“I remember lifting my blanket and my chest looked flat. I was so excited. I don’t think you can quite understand the emotional and psychological impact unless you’ve lived it yourself.”
When we asked women to explain exactly what it’s like to make the decision to have, and then actually have, a breast reduction, the overwhelming response was one of relief.
One likened it to having bricks lifted off your chest. Another said, before undergoing breast reduction surgery at 17, she felt like she was looking at a 35-year-old woman’s body, after breastfeeding, when she saw her reflection in the mirror.
While breast reductions and breast lifts may have been taboo a decade ago, more and more women are using the surgical procedure – which The Australian Society of Plastic Surgeons Inc (ASPS) defines as reducing the size of overly large breasts – to take control of their own bodies.
In the 2017-2018 financial years, 11,886 individual breast reduction claims were made, the Australian Bureau of Statistics data shows. That number has increased by 1,289 from 2016-2017, and is more than 2000 greater than it was five years ago.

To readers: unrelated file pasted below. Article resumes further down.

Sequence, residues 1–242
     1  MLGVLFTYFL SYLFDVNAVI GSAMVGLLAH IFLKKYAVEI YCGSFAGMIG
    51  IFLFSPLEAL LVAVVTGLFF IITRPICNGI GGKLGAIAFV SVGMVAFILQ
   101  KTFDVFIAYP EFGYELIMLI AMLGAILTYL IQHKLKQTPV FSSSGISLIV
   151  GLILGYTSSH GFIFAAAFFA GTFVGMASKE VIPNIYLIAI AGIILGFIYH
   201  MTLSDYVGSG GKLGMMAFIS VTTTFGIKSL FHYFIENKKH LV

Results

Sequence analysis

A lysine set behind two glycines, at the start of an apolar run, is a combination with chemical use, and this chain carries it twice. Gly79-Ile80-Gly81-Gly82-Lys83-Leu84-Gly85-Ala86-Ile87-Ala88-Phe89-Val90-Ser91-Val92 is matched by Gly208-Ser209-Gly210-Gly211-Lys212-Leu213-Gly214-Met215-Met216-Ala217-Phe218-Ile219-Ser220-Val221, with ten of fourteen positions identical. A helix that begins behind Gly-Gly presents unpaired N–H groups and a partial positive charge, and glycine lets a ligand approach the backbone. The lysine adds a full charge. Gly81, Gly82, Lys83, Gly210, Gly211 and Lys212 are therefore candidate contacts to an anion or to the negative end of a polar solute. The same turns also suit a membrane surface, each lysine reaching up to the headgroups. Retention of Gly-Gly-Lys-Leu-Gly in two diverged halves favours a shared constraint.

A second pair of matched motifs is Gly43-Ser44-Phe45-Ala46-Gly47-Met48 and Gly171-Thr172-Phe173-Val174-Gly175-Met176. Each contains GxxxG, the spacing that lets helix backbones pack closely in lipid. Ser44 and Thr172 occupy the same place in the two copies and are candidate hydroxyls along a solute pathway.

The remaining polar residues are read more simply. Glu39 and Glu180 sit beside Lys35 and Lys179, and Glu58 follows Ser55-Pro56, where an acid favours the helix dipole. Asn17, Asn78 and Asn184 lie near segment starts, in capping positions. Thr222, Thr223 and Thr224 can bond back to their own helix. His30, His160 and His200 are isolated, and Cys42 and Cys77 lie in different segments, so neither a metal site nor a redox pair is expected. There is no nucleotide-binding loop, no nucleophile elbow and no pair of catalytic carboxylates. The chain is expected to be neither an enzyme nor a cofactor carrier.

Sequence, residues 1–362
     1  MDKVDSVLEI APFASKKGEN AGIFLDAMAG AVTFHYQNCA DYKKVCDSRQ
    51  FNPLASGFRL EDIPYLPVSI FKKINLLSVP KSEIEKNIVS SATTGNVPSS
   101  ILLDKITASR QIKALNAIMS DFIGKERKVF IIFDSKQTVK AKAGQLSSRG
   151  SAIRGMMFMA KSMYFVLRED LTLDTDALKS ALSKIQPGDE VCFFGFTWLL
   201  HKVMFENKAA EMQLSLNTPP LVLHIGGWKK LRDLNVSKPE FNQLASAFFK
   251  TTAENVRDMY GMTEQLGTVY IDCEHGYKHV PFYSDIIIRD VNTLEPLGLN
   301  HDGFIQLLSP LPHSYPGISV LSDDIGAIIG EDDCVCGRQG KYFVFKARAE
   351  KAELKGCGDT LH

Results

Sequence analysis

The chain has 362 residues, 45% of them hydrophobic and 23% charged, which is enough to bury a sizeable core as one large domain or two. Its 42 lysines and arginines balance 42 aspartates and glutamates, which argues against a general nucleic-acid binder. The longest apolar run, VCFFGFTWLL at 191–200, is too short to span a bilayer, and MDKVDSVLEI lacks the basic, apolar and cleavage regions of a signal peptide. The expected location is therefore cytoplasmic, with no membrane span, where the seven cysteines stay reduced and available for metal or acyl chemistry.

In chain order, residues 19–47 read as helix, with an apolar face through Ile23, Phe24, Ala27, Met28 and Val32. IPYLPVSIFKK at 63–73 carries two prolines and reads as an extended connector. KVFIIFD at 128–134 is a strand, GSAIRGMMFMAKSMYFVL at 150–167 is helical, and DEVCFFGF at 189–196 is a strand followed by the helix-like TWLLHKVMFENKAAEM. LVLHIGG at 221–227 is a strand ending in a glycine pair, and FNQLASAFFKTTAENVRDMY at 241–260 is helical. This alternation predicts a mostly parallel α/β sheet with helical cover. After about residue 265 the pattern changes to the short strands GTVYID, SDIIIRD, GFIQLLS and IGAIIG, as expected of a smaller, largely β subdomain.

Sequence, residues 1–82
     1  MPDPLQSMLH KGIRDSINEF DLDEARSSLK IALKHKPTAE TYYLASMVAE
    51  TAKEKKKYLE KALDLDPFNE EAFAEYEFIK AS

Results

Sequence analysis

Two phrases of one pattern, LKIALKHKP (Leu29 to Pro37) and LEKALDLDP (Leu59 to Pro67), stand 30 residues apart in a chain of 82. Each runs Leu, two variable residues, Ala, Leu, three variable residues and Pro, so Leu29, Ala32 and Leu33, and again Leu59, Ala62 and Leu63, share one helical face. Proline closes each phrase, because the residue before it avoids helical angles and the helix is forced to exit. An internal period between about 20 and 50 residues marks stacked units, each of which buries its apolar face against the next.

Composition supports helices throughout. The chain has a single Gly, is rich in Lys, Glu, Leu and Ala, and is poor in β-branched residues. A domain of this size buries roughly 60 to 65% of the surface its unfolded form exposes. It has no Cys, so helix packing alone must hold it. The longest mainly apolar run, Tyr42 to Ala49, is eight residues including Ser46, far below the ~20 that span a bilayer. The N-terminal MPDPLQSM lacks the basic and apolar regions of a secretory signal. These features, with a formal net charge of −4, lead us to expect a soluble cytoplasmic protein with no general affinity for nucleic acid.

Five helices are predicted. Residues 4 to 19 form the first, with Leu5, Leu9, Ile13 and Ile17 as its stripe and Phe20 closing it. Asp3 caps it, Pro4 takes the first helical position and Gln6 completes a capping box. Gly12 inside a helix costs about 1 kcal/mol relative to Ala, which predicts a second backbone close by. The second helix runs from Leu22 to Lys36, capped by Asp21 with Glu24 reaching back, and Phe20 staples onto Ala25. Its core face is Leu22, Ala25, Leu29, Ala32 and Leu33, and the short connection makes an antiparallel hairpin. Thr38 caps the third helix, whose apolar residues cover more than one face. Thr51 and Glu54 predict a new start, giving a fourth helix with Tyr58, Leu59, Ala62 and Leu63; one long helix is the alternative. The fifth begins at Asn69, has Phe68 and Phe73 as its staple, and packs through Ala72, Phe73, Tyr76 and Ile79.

Women of all ages are getting breast reductions – the stats show the procedure is most common among women aged 45-54, followed closely by 35-44 and 15-24.
While we’re here and talking about our breast health, here’s a recap of some of the many shapes and sizes breasts come in – perky, saggy, uneven and everything in between. Post continues after video.
For the women we spoke to having a breast reduction, they felt they had always been defined by their breasts. Their breasts entered rooms before they did, wouldn’t fit into the clothes they wanted to wear, attracted attention they didn’t ask for, and, in some cases, caused severe neck, shoulder and back pain.
They were also often the target of envy, something 24-year-old Alexia could never understand. Who would want to carry the physical and emotional burden of large breasts, literally, on their chest?